The 1960 Hammer/Columbia horror masterpiece was directed by veteran Hammer Films director Terence Fisher, who also directed Hammer’s “The Curse of Frankenstein” (1957), “Horror of Dracula” (1958), “The Mummy” (1959), “The Curse of the Werewolf” (1961), “The Phantom of the Opera” (1962), “The Gorgon” (1964), “Dracula: Prince of Darkness” (1966), “Frankenstein Created Woman” (1977), “Frankenstein Must Be Destroyed” (1970) and “Frankenstein and the Monster from Hell” (1974). Veteran British feature film screenwriter Wolf Mankowitz wrote the screenplay for Fisher’s 1960 Hammer/Columbia production of “The Two Faces of Dr. Jekyll.” Mankowitz was inspired by Robert Louis Stevenson’s novel, “The Strange Case of Dr. Jekyll and Mr. Hyde” and the 1959 Hammer/Columbia “Jekyll and Hyde” screen farce; “The Ugly Duckling” with Bernard Bresslaw and a pre-“Doctor Who” Jon Pertwee. Veteran British film producer Michael Carreras produced Fisher’s production of “The Two Faces of Dr. Jekyll” (1960). Fisher’s 1960 Hammer/Columbia horror entry was filmed in the “Megascope” widescreen process (2.35 : 1 aspect ratio, a.k.a. “Super 35”/35mm anamorphic process), according to IMDB.
Released by Columbia Pictures throughout Great Britain in 1960, Columbia did not release the Hammer production of “The Two Faces of Dr. Jekyll” in the United States due to objections from the Motion Picture Association’s production code; according to the American Film Institute.
In 1961, Samuel Z. Arkoff and James H. Nicholson’s American-International Pictures acquired the U.S. theatrical release rights to Fisher’s 1960 Hammer horror production and was re-titled/re-edited by AIP under the titles of “House of Fright” and “Jekyll’s Inferno;” according to additional information from the AFI database. Columbia obtained the U.S. releasing/distribution rights to “The Two Faces of Dr. Jekyll” in later years under the original title beginning with a 1972 television premiere on the CBS television network (according to IMDB) and a 1974 Columbia Pictures Television syndication package of classic/modern Columbia features for local television stations, according to a 1974 trade ad in Broadcasting Magazine.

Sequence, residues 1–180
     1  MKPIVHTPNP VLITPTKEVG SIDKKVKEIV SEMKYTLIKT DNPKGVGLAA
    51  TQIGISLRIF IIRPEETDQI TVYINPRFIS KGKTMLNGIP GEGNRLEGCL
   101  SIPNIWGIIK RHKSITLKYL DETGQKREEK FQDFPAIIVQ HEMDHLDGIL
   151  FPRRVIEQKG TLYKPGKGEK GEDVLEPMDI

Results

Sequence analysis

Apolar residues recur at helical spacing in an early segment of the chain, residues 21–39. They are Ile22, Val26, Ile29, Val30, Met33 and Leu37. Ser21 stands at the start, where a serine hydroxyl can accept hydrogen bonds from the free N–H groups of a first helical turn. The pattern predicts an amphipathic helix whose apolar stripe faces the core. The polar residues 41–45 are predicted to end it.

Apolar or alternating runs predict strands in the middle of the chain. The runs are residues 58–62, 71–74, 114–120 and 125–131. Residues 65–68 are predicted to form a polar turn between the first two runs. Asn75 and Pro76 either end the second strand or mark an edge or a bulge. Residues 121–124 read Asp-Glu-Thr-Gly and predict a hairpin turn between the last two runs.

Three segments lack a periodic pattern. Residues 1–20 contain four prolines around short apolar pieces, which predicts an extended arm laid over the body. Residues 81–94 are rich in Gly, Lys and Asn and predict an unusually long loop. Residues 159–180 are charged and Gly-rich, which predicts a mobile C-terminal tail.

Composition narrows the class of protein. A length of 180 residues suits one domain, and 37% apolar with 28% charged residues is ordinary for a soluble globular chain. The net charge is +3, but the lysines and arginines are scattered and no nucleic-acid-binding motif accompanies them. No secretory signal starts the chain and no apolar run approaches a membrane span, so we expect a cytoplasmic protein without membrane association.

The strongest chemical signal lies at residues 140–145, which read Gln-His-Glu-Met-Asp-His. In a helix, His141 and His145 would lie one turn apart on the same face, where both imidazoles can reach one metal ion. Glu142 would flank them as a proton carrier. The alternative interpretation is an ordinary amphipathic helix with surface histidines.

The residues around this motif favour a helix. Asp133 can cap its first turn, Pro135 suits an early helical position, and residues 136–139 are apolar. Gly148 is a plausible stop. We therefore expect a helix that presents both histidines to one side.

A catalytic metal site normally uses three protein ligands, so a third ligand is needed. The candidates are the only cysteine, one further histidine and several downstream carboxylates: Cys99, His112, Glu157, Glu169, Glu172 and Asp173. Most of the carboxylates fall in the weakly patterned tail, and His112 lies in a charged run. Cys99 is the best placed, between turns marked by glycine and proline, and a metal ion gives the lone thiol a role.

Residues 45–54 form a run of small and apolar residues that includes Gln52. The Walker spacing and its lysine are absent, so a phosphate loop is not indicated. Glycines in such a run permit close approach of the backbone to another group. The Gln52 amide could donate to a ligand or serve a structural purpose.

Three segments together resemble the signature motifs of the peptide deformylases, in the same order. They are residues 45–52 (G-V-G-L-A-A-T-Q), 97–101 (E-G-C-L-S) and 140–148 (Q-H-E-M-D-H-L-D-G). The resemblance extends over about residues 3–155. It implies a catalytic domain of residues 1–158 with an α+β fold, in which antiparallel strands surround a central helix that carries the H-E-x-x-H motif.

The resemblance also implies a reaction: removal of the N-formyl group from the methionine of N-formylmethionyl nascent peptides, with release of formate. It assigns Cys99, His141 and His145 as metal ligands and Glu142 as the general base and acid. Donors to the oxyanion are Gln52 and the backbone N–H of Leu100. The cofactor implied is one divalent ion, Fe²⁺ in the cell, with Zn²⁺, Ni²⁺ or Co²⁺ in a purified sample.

This will mark Sven’s second big broadcast of “The Two Faces of Dr. Jekyll” (1960) on Me-TV. He previously showcased Fisher’s 1960 Hammer/Columbia horror production as a big broadcast premiere back in June 2019.
Who was in Fisher’s 1960 Hammer/Columbia horror production?
The players who appeared in Fisher’s 1960 Hammer-Columbia screen thriller production were Christopher Lee (as Paul Allen; the legendary Lee was known for his numerous 1958–73 Hammer horror-thriller feature appearances of Count Dracula with the legendary Peter Cushing as Prof. Van Helsing, Lee also appeared in the title role of Frankenstein’s monster in 1957’s “The Curse of Frankenstein” and the Mummy Kharis in the 1959 Universal-Hammer re-make of “The Mummy”), Paul Massie (in the dual roles of Dr. Henry Jekyll and Mr. Edward Hyde; Massie later taught drama courses at the University of South Florida and later appeared in a brief guest role as Phil in a 1985 episode of D.L. Taffner’s Canadian-produced supermarket sitcom with Don Adams of “Get Smart” fame), Dawn Addams (as Kitty Jekyll, Addams later appeared in three episodes of ITC’s adaptation of “The Saint” with Roger Moore in 1963, 1964 and 1966 and in the role of the Countess in the 1970 American-International/Hammer production with Peter Cushing, “The Vampire Lovers”), young Oliver Reed (in an uncredited role as a tough person, Reed went onto greater fame for his various feature film roles and later appeared in the title role of the 1980 Charles B. Griffith-Cannon Group spoof of “Dr. Jekyll and Mr. Hyde,” “Dr. Heckyl and Mr. Hype”), David Kossoff (as Dr. Ernst Litauer), Norma Marla (as Maria, Marla previously appeared in “The Ugly Duckling” in 1959 with Bernard Bresslaw and Jon Pertwee), Joy Webster (as Jenny), Francis De Wolff (as an inspector) and William Kendall (as a clubman).